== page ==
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United States Department of Agriculture

Agricultural Research Service

Research Project: INTERVENTIONS TO REDUCE EPIZOOTIC PATHOGENIC BACTERIA IN SWINE AND CATTLE

Location: Food and Feed Safety Research

Title: Effects of the dicarboxylic acids malate and fumarate on E. coli 0157:H7 and Salmonella enterica Typhimurium populations in pure culture and in mixed ruminal microorganism fermentations

Authors
item Nisbet, David
item Callaway, Todd
item Edrington, Thomas
item Anderson, Robin
item Krueger, Nathan

Submitted to: Current Microbiology
Publication Type: Peer Reviewed Journal
Publication Acceptance Date: December 23, 2008
Publication Date: May 1, 2009
Citation: Nisbet, D.J., Callaway, T.R., Edrington, T.S., Anderson, R.C., Krueger, N.A. 2009. Effects of the dicarboxylic acids malate and fumarate on E. coli 0157:H7 and Salmonella enterica Typhimurium populations in pure culture and in mixed ruminal microorganism fermentations. Current Microbiology. 58:488-492.

Interpretive Summary: The dicarboxylic organic acids malate and fumarate have been suggested for use as modifiers of the ruminal fermentation of cattle because they enhance the efficiency of this fermentation, resulting in more efficient meat or milk production. These acids have effects similar to that of the ionophore monensin on the ruminal fermentation. However, some organic acids can affect intestinal populations of foodborne pathogenic bacteria such as E. coli O157:H7 and Salmonella that are found in cattle. In our study, we found that the addition of the dicarboxylic acids did improve the overall energetic efficiency of the mixed ruminal microorganism fermentation, but did not affect populations of E. coli O157:H7 and Salmonella that were added to these fermentations. These results confirm that dicarboxylic acids can modify the ruminal fermentation, but they do not influence populations of critical foodborne pathogens.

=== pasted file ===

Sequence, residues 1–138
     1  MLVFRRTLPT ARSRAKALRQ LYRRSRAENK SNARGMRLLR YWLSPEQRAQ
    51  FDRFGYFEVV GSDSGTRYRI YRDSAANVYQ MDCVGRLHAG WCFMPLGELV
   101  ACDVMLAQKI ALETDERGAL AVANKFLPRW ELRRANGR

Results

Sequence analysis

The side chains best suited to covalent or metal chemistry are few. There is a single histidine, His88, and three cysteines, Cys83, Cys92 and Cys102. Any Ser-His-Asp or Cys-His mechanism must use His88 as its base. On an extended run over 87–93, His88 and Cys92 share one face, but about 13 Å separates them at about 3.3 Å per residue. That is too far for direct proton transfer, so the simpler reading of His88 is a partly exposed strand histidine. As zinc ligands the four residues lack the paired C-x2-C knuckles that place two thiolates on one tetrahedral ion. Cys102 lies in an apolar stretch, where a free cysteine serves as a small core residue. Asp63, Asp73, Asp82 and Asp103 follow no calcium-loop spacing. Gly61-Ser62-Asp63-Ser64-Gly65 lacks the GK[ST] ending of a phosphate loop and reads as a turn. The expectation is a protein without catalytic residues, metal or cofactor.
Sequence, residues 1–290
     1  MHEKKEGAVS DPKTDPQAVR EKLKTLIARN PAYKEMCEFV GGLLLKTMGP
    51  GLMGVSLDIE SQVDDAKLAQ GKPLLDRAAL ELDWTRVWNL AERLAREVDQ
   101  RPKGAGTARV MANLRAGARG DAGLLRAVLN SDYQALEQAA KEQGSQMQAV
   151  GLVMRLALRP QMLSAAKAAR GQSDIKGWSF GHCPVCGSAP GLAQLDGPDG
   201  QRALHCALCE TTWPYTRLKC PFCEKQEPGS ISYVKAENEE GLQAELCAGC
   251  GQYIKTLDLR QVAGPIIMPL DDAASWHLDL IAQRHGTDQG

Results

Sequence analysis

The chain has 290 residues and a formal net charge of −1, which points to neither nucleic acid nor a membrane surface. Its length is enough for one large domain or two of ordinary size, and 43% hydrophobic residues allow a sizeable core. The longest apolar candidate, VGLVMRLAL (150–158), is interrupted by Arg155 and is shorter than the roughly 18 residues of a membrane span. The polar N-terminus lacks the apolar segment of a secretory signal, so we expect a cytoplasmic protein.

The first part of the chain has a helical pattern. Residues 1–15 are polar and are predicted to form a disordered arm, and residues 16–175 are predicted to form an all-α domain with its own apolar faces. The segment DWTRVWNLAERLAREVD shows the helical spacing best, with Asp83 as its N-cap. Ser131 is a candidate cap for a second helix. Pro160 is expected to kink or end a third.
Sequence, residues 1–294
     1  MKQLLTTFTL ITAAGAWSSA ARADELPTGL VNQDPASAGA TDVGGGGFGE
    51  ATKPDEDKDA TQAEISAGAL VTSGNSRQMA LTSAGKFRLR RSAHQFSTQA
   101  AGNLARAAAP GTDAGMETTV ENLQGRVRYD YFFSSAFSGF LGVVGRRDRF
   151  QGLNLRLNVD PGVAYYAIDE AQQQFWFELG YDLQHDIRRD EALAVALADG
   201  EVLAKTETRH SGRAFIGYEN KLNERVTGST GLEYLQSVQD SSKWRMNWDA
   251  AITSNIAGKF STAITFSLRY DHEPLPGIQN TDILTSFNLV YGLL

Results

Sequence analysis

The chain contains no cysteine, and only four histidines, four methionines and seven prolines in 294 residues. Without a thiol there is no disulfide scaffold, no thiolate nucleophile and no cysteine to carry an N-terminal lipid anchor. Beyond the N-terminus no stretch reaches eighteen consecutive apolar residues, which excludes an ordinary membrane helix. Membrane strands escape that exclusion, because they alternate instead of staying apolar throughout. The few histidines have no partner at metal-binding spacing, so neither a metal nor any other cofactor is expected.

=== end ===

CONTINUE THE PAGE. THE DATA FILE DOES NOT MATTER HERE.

Technical Abstract: The dicarboxylic organic acids malate and fumarate increase ruminal pH, reduce methane production, increase propionate and total VFA production, and reduce lactic acid accumulation in a manner similar to ionophores. These acids stimulate the ruminal bacterium Selenomonas ruminantium to ferment lactate to produce propionate. Thus, dicarboxylic acids have been suggested for use as non-antibiotic modifiers of the ruminal fermentation, but their impact on the overall microbial ecology of the rumen remains unknown. Therefore, this study was prepared to determine the effects of these modifiers on populations of the foodborne pathogens, Escherichia coli O157:H7 and Salmonella Typhimurium. Pure cultures of E. coli O157:H7 strain 933 and S. Typhimurium were grown with malate and fumarate added at 0, 1, 5, 10, and 20 mM (v/v; n = 3). Neither dicarboxylic acid inhibited (P greater than 0.1) the growth rate or final populations of E. coli O157:H7 or S. Typhimurium. Ruminal fluid was collected from concentrate fed cows (n = 2), and E. coli O157:H7 and S. Typhimurium were added to separate ruminal fermentations. Fumarate and malate were added at concentrations of 0, 5, 10, and 20 mM (v/v; n = 2) and were incubated for 24 h. Malate or fumarate addition did not affect (P greater than 0.1) populations of E. coli O157:H7 or S. Typhimurium. However, final pH was increased (P less than 0.05), the acetate:propionate ratio was decreased (P less than 0.05), and total VFA production was increased (P less than 0.05) by greater than 10 mM dicarboxylic acid addition. These results confirm that dicarboxylic acids can modify the ruminal fermentation, but they do not influence populations of critical foodborne pathogens.

Last Modified: 9/21/2014
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